The introduction is fairly comprehensive, and includes a discussion of the “synoptic problem”. He tentatively accepts a two source hypothesis and Matthean authorship. The commentary itself includes the NIV text, and sections are introduced with anything from a single paragraph to a long discussion of different interpretations. The comments are then based on one or two verses at a time. Greek and Hebrew terms are always transliterated and translated, but he assumes that readers are familiar with terms such as apodosis and chiasm.

Carson clearly loves the gospel of Matthew. Almost every section is introduced as being special or unique in some way. His great concern with New Testament usage of the Old also surfaces in many places. He has a special interest in the word “fulfil” (pleroo), in particular how it is that Jesus can be said to fulfil the entire Old Testament Scriptures.

The content of the commentary is well suited to Biblical expositors, who will want to grapple not only with the meaning of the text as Matthew intended it, but also to deal with the diverse issues that congregations will be interested in – historical (e.g. ‘discrepancies’ with other gospels), theological (e.g. do we still need to obey the law) and practical (e.g. can you remarry after divorce). He does this in a way that treats the Biblical text as the Word of God, but he is careful not to resort to contrived harmonisations, or pious but tenuous interpretations.

Throughout the commentary he shows willingness to interact with the views of other commentators (especially Hill on Matthew and Lane on Mark), often resulting in a long list of possible options. This has the effect of making the commentary somewhat uneven in coverage as the comments on some sections are only a paragraph, while on others a number of pages.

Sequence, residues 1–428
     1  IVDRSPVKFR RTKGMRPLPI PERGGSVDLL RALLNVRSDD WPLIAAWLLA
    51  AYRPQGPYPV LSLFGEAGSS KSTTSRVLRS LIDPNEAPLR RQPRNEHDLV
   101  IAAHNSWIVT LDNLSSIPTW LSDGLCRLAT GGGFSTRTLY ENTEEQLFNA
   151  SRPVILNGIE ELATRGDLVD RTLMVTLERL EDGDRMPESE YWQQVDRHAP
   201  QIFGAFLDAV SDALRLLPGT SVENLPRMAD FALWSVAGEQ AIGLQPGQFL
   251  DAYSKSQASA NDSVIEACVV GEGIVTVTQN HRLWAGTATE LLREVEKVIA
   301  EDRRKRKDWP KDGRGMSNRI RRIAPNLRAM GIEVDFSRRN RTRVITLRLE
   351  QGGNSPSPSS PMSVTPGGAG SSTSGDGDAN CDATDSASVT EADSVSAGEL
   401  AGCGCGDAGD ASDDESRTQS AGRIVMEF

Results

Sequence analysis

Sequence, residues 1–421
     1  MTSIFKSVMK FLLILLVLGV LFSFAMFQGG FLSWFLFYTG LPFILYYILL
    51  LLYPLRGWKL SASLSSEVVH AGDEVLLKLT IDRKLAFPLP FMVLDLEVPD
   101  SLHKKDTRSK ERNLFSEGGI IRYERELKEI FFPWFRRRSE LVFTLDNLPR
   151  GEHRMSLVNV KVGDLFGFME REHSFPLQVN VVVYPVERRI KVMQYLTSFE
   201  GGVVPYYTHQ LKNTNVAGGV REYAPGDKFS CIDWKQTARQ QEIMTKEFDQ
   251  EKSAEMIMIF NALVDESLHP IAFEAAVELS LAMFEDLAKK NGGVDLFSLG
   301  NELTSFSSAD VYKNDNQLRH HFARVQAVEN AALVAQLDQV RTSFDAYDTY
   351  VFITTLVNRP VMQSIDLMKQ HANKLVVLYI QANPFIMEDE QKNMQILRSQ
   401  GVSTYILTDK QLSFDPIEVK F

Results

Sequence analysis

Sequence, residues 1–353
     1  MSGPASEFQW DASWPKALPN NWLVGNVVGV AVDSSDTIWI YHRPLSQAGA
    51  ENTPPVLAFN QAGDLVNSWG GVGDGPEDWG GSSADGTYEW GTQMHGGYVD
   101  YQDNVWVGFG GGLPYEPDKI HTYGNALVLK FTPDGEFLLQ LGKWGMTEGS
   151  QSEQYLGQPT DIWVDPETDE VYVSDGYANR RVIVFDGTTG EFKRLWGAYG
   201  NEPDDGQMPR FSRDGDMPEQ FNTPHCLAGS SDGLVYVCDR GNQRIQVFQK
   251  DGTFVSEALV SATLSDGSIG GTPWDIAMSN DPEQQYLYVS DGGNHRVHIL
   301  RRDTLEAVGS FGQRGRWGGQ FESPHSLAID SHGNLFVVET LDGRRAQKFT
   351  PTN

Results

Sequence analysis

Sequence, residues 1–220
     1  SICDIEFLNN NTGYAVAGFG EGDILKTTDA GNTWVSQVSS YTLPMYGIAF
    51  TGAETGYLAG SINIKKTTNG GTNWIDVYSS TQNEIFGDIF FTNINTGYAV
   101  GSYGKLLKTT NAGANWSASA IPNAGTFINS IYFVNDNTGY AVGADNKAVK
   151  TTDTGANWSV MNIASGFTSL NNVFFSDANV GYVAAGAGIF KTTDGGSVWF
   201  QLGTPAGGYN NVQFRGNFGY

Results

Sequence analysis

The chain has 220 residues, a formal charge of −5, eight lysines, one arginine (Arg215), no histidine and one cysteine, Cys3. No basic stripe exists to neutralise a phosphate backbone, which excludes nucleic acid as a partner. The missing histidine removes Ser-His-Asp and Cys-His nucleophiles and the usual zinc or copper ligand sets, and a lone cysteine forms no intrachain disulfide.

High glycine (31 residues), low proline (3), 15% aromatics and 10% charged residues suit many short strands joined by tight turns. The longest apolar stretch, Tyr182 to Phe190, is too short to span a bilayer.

I’ll just single out two passages for particular comment. As might be expected, the Sermon on the Mount is given an excellent treatment, as Carson has written on this separately elsewhere. In the ‘Olivet Discourse’, he surveys the wide variety of interpretations, casting doubt on both Dispensational understandings and France’s idea that the fall of Jerusalem and the “coming of the Son of Man” are the same event (I would expect that the forthcoming revision will also interact with N T Wright on this point as well, and also with 21:20-22 on the mountain that is thrown into the sea). He ends up proposing that Jesus used the discourse to introduce a concept of a delay between the destruction of the temple and the Parousia, contrary to what his disciples were expecting.

In summary, any serious evangelical student and teacher of the Bible will greatly benefit from having this commentary as part of their library. It is especially useful in providing clarity on difficult passages. I haven’t read the Mark and Luke commentaries in the same volume yet, but the price is worth it for the Matthew commentary alone. Zondervan seem to be working backwards at a rate of two volumes a year in their revision of the series, so if you can wait until 2008 there may well be an even better volume available.

Carson on the New Perspective

Thanks to Adrian Warnock for alerting me to some online lectures by Don Carson on the New Perspective. Lecture 1 Lecture 2 Lecture 3.

Carson is the editor of two large books on the subject of the New Perspective (Justification and Variegated Nomism), which provide responses to the claims of Sanders, Dunn et al. I don’t have the time to read these at the moment, so the lectures are useful as a way of getting a summary of his viewpoint as well as a chance to hear his response to some of the NP criticisms of those books.

Lecture 1 gives a fairly succinct overview of the NP, while the other 2 lectures are used to provide a basic response. Carson does acknowledge that he has much respect for N T Wright, but particularly lays into his making the exile theme the controlling paradigm for his theology. Also, as a bonus, Lecture 3 includes the story of how Douglas Moo got his name!